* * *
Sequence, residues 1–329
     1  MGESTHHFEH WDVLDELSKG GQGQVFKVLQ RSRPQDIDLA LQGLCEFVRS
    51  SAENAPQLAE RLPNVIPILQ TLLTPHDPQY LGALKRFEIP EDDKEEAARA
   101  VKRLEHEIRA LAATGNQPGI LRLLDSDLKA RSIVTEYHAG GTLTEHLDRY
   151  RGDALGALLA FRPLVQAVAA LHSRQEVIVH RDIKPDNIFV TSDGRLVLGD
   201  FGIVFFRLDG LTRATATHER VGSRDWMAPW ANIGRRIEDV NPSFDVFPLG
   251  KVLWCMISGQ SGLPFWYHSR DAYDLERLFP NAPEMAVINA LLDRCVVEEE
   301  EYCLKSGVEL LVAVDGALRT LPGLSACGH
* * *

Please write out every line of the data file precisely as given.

Sequence, residues 1–329
     1  MGESTHHFEH WDVLDELSKG GQGQVFKVLQ RSRPQDIDLA LQGLCEFVRS
    51  SAENAPQLAE RLPNVIPILQ TLLTPHDPQY LGALKRFEIP EDDKEEAARA
   101  VKRLEHEIRA LAATGNQPGI LRLLDSDLKA RSIVTEYHAG GTLTEHLDRY
   151  RGDALGALLA FRPLVQAVAA LHSRQEVIVH RDIKPDNIFV TSDGRLVLGD
   201  FGIVFFRLDG LTRATATHER VGSRDWMAPW ANIGRRIEDV NPSFDVFPLG
   251  KVLWCMISGQ SGLPFWYHSR DAYDLERLFP NAPEMAVINA LLDRCVVEEE
   301  EYCLKSGVEL LVAVDGALRT LPGLSACGH